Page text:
So, a senior leader who is inclined to use bullying behaviour towards junior members of staff because that is their modus operandi will continue to do so, unless they are accountable for the consequences of their behaviour.

And so, the question, especially when it comes to bullying behaviour is, is it possible to hold senior managers accountable and at the same time, make it safe for employees to report such behaviour? We need to go back to the importance of values.

People can be held accountable and reminded when they do not act in accordance with the Manifesto in the best interests of everyone.

Values in Action – A M.A.P. to Guide Us

Colleagues need to be guided by and committed to the same principles, to be supportive of each other in seeking to overcome the challenges they face together and to be accountable if they choose not to uphold these values.

The first step is for an organisation to have absolute clarity around their corporate values; to be clear what behaviour is expected because of them and the consequences if those values are not upheld.

The best way to do this is with a Manifesto And Pledge. A Manifesto sets out the values and beliefs (intentions, motives or views), that the organisation espouses. 

A Pledge is simply a promise, made by everyone, at all levels of the organisation, to act in line with the Manifesto. It means that those people who have signed up or agreed can be held accountable and reminded when they do not act in accordance with the Manifesto in the best interests of everyone.

A Plan or Framework for Resolution

The second step is to create a clear process or framework for resolution. This might include seeking several less adversarial approaches as well as asking for the help of a mediator or conflict coach.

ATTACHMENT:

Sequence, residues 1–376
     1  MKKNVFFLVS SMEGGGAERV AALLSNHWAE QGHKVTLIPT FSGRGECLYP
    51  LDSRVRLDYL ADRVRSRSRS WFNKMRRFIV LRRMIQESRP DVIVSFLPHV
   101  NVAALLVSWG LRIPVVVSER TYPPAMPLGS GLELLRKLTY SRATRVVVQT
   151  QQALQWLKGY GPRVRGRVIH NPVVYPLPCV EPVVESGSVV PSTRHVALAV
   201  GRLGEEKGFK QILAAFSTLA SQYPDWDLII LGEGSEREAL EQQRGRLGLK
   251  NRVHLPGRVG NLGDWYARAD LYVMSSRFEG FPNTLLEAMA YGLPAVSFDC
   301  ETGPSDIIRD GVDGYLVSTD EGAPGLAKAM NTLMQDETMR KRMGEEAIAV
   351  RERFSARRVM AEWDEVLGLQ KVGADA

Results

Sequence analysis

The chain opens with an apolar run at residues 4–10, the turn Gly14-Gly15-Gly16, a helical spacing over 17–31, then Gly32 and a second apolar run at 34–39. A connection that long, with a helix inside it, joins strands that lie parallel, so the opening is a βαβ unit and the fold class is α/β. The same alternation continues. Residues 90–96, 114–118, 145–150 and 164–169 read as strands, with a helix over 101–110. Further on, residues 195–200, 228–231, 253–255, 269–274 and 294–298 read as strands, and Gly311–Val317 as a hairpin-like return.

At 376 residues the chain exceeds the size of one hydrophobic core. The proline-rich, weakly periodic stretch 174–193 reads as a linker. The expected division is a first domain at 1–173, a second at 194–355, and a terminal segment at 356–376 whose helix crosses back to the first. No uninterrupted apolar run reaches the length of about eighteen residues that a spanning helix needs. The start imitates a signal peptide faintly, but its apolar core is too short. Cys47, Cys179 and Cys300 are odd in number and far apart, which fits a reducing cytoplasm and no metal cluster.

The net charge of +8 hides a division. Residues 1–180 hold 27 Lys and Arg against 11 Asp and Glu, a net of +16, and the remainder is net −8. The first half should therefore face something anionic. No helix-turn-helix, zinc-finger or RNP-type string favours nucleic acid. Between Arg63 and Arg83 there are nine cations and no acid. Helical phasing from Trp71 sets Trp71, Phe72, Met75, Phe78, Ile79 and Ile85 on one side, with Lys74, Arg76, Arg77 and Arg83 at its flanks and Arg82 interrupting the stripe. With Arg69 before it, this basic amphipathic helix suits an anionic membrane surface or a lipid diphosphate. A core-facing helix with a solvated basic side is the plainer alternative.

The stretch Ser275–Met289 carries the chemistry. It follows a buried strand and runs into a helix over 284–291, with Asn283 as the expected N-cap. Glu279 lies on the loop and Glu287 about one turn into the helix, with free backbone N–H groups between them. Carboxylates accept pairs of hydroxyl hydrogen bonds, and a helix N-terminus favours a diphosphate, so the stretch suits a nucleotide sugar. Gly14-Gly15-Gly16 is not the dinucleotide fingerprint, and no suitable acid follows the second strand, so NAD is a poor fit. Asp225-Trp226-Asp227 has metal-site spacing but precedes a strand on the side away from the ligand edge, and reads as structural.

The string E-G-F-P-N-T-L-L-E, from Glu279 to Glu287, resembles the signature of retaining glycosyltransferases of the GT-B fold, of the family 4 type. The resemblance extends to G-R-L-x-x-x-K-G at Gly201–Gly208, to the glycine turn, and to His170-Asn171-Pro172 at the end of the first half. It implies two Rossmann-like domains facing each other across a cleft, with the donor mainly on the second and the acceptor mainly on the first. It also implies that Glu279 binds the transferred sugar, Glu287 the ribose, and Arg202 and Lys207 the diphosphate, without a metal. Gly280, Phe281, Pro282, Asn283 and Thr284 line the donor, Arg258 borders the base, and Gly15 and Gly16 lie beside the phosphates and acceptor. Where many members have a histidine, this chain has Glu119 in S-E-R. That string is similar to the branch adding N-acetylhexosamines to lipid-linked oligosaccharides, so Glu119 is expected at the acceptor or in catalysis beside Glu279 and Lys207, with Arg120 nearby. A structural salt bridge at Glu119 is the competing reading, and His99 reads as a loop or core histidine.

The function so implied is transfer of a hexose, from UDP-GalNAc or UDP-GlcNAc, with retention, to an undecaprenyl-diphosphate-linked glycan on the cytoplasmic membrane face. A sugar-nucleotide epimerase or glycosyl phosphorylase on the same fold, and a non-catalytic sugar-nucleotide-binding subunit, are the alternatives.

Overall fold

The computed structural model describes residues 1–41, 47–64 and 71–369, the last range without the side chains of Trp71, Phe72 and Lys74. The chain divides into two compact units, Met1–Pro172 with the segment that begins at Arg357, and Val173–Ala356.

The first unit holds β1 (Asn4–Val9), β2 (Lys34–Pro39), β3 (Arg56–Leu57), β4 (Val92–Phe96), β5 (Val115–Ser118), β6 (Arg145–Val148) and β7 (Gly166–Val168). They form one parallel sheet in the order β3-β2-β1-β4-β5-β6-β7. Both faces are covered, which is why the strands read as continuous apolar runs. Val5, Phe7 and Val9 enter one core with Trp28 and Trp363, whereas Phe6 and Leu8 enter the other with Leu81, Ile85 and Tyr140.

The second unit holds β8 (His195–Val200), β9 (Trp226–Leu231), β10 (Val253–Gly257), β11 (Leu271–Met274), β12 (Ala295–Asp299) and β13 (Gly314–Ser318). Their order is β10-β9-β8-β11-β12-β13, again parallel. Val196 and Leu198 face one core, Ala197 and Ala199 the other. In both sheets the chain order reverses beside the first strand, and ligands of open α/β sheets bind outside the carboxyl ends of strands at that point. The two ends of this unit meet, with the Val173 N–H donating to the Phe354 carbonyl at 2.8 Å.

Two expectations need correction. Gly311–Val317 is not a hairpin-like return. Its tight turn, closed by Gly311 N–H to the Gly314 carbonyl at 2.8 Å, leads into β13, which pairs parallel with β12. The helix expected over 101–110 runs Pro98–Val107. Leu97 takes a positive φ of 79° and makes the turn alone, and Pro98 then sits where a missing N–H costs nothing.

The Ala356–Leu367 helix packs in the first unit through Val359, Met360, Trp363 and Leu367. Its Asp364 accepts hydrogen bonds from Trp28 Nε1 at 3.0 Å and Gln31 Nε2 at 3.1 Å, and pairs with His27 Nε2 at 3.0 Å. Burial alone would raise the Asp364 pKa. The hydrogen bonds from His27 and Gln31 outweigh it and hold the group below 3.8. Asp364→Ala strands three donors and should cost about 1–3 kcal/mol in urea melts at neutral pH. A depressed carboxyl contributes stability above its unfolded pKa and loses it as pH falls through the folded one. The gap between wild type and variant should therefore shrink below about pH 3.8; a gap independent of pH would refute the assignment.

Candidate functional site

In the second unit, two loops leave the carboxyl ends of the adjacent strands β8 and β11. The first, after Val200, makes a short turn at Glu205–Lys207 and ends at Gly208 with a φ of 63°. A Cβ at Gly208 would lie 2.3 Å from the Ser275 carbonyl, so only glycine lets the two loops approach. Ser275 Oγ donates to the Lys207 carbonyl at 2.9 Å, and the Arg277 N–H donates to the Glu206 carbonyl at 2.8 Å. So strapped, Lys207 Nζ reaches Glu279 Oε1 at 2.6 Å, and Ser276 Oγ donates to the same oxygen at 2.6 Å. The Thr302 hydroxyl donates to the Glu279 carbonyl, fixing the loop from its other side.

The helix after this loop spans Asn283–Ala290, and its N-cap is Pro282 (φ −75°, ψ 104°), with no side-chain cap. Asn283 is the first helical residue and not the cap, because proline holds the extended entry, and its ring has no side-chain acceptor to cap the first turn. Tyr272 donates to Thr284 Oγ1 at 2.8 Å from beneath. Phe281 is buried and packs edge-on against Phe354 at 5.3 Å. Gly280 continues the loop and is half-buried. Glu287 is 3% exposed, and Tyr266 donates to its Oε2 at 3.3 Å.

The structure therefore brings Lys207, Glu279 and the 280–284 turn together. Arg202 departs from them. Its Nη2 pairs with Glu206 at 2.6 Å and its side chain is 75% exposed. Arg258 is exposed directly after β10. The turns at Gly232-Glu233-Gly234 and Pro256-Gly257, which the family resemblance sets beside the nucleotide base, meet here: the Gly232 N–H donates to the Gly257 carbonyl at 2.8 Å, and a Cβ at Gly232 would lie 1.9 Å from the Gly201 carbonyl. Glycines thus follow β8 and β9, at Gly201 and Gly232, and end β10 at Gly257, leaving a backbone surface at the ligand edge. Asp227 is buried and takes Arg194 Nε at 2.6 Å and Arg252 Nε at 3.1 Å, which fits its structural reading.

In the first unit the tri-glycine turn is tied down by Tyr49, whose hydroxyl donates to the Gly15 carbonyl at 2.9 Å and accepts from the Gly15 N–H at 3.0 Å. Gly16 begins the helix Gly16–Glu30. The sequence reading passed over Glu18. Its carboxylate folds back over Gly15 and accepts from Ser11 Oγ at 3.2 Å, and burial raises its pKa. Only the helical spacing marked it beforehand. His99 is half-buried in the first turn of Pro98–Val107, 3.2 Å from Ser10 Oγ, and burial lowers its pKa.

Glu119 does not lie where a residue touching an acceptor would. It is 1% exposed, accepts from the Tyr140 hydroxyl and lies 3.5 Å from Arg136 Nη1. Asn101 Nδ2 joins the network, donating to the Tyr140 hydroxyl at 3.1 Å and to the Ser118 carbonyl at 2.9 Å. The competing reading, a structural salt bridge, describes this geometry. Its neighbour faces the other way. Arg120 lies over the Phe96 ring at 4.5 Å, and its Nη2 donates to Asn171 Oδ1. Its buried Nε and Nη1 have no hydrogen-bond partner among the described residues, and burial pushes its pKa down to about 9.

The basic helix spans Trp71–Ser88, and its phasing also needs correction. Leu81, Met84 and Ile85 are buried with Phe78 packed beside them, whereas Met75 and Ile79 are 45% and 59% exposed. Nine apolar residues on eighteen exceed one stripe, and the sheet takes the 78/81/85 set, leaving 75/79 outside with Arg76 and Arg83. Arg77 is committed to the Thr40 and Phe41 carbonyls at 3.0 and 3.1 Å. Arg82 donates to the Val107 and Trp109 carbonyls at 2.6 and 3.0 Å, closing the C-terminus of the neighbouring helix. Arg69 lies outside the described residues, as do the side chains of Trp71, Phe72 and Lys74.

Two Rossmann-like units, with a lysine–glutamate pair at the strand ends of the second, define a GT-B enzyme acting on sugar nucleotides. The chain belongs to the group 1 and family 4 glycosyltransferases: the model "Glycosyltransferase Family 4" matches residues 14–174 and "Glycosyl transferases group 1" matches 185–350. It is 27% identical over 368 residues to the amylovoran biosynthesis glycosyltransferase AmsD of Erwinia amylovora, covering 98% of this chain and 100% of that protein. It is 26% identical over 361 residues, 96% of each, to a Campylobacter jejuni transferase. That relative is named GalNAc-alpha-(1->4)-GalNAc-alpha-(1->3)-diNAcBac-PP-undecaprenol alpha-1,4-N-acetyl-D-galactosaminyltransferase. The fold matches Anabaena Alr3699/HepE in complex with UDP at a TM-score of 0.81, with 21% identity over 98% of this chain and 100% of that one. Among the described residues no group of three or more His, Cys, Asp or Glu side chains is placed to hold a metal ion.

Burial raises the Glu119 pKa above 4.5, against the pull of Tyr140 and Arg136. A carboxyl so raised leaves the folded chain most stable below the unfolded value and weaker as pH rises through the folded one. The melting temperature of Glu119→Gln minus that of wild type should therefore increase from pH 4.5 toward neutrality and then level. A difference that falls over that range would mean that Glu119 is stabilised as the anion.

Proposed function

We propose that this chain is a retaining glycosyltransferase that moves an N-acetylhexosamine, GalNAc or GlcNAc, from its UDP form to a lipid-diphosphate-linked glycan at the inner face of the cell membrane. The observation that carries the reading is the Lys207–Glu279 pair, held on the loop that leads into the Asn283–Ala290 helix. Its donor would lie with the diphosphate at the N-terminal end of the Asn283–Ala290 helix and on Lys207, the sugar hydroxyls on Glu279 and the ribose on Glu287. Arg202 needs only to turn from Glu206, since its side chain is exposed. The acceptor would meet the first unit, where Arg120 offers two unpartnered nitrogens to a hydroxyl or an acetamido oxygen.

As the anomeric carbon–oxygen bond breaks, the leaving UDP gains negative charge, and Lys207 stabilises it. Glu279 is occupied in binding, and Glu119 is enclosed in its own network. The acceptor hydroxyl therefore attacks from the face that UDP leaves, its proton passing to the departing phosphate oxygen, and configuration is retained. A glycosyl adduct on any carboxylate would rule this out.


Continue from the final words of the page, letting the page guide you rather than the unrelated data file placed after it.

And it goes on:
It is sometimes known as an escalation clause and the idea is to give both manager and employee the opportunity to discuss the situation in a safe space and not directly with each other.

For example earlier this year, I worked with an organisation where an anonymous staff survey had revealed bullying to be an issue. We worked together to create a more collaborative and less toxic culture by:

  • Clarifying corporate values

  • Creating a Manifesto and Pledge

  • Designing a Conflict Management Framework

  • Training all staff to get buy-in from top to bottom

The ability to weed out bullies and create a safe space for employees to report bullying behaviour depends on creating clarity around corporate culture and how it supports employees.

In situations where there are allegations of bullying, both clarity and safety can be achieved by creating a M.A.P and a Plan. Gaining the commitment and accountability of all staff to uphold organisational values and providing processes that enable safe reporting and options for resolution is the key to reducing the potential for bullying and a toxic culture.

Interested in this topic? Read Five ways HR leaders can help banish a bullying culture

Author Profile Picture
Jane Gunn

Professional mediator and coach

Read more from Jane Gunn